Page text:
The reported sensitivity for CXR is 69%(9) and for CT it is 97%(10); However, the CXR exceeds the results of the serological test to detect SARS-COV-2 infection applied in the first week of onset of symptoms (50% positive tests), which depends on the variability of producing antibodies in each individual(11). Despite the greater sensitivity of CT, the ACR does not recommend its use as a first-line test to diagnose SARS-VOC-2 lung involvement and should be reserved for hospitalized and symptomatic patients with specific clinical indications(6). Many health facilities prefer CT because it has a greater ability to detect pulmonary alterations in the presymptomatic and early symptomatic phase of COVID-19(12).

The greater diagnostic capacity of CT contrasts with the lower availability of CT scanners in health facilities, greater downtime of the CT environment due to the need for cleaning and disinfection after each patient, risk of transmission to health workers and other patients during the transfer, use of a greater number of personal protective equipment (PPE) and greater exposure to radiation for the patient(2,6).

It is known that CXR has a lower sensitivity to detect patients in the pre-symptomatic phase and the early symptomatic phase(9). Shi et al.(12), analyzed 81 CTs describing the chronology of the images in patients infected with SARS-COV-2. The ground-glass opacities were present in all phases of the infection, and as focal presentation and distribution in the periphery in the first week, they were later diffused and then disappeared as they appeared. During the course of the second week, the mixture of ground-glass opacities and multifocal consolidations was more evident and extensive, which were correlated with the moderate to severe clinical stage. Toussie et al.(7), analyzed the CXR of 338 patients infected with SARS-COV-2 who attended the emergency service, finding that the median number of days from the onset of symptoms to presentation in the emergency service was four days (2 to 5 days). These studies guide the usefulness of CXR in the emergency service in patients with symptoms of moderate to severe SARS-COV-2 lung disease, and there are sufficient criteria for the affected individual to have visible manifestations on radiography.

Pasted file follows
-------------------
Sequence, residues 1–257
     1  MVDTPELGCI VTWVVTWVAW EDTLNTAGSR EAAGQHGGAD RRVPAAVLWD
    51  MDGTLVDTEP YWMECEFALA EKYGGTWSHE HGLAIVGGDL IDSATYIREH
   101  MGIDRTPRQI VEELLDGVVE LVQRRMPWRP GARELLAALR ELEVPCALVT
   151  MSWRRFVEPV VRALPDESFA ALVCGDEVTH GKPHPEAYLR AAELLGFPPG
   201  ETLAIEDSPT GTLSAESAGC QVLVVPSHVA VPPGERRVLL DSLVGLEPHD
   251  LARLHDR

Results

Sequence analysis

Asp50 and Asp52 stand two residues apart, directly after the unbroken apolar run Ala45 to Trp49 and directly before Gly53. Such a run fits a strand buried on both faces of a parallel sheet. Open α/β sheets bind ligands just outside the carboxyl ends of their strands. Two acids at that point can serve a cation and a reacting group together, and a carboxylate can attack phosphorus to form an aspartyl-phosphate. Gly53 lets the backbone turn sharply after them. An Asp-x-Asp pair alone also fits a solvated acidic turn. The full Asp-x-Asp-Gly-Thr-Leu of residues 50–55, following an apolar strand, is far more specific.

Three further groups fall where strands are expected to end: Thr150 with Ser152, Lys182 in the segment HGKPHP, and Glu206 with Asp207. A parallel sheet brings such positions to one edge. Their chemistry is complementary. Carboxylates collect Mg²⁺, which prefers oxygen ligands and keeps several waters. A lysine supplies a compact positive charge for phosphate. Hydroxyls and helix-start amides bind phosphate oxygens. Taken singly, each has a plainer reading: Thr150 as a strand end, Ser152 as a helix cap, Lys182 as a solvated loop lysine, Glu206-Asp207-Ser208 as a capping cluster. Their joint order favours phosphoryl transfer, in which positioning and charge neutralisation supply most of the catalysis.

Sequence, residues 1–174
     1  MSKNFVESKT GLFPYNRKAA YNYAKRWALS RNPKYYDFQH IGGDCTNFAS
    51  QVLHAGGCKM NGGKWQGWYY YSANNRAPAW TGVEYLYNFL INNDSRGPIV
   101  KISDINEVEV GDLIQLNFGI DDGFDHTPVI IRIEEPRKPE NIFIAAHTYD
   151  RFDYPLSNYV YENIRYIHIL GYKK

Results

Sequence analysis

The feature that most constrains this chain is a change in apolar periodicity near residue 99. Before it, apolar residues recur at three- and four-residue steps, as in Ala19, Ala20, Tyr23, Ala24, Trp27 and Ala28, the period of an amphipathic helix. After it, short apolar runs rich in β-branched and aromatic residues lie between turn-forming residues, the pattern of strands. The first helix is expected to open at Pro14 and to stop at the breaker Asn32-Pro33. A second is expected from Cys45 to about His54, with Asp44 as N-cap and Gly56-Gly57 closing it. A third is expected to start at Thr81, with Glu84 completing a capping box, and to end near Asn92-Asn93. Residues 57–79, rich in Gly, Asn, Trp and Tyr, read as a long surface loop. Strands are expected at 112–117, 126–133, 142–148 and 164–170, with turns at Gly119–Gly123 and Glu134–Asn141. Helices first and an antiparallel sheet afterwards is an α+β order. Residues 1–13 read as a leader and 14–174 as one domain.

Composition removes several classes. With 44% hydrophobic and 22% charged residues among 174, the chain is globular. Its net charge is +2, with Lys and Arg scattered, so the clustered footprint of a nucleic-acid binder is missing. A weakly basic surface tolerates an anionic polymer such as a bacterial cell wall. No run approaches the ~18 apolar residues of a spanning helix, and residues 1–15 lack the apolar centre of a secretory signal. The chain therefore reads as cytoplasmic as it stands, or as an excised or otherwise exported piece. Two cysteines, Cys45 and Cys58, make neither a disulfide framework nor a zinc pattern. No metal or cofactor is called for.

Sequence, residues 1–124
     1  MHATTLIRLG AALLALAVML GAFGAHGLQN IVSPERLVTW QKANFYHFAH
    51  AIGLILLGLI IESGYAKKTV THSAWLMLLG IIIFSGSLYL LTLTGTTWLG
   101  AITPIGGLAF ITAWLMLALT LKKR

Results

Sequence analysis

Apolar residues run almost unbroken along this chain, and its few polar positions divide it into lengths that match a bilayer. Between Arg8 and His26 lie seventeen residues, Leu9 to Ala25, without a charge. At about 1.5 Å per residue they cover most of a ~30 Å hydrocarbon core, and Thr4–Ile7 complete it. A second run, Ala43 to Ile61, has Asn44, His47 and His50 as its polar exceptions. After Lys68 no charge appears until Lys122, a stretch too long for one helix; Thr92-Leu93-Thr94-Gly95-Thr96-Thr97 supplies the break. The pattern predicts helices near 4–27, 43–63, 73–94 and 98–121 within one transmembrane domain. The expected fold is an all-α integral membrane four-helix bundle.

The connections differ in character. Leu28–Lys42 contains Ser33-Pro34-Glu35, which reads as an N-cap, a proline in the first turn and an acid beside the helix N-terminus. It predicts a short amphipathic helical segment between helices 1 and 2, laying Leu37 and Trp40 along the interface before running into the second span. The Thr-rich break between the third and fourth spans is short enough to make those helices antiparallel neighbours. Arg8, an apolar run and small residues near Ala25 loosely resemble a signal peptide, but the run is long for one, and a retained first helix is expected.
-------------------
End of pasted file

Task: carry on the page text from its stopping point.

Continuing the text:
Murphy et al.(13), publish the preliminary results of an automated chest radiography reading system using artificial intelligence (AI) software programmed to identify characteristics of SARS COV-2. The results are encouraging, achieving performance comparable to six expert readers. In the first reports, the IA system reaches a sensitivity of 85% and a specificity of 61%.

While technology tries to demonstrate the usefulness of CXR in the SARS-COV-2 epidemic, health professionals must be prepared to use this imaging modality in the context of the reality of our health system, with shortage of EEP and laboratory tests, which pose daily challenges.


In general, all imaging methods are not very specific to identify the etiology of pulmonary involvement; however, correlation studies of images and pathology have helped to establish patterns that guide us in the diagnosis(14).

Common findings in the lung parenchyma

The findings found in the CXR are described according to the glossary of terms of the Fleischner Society(15).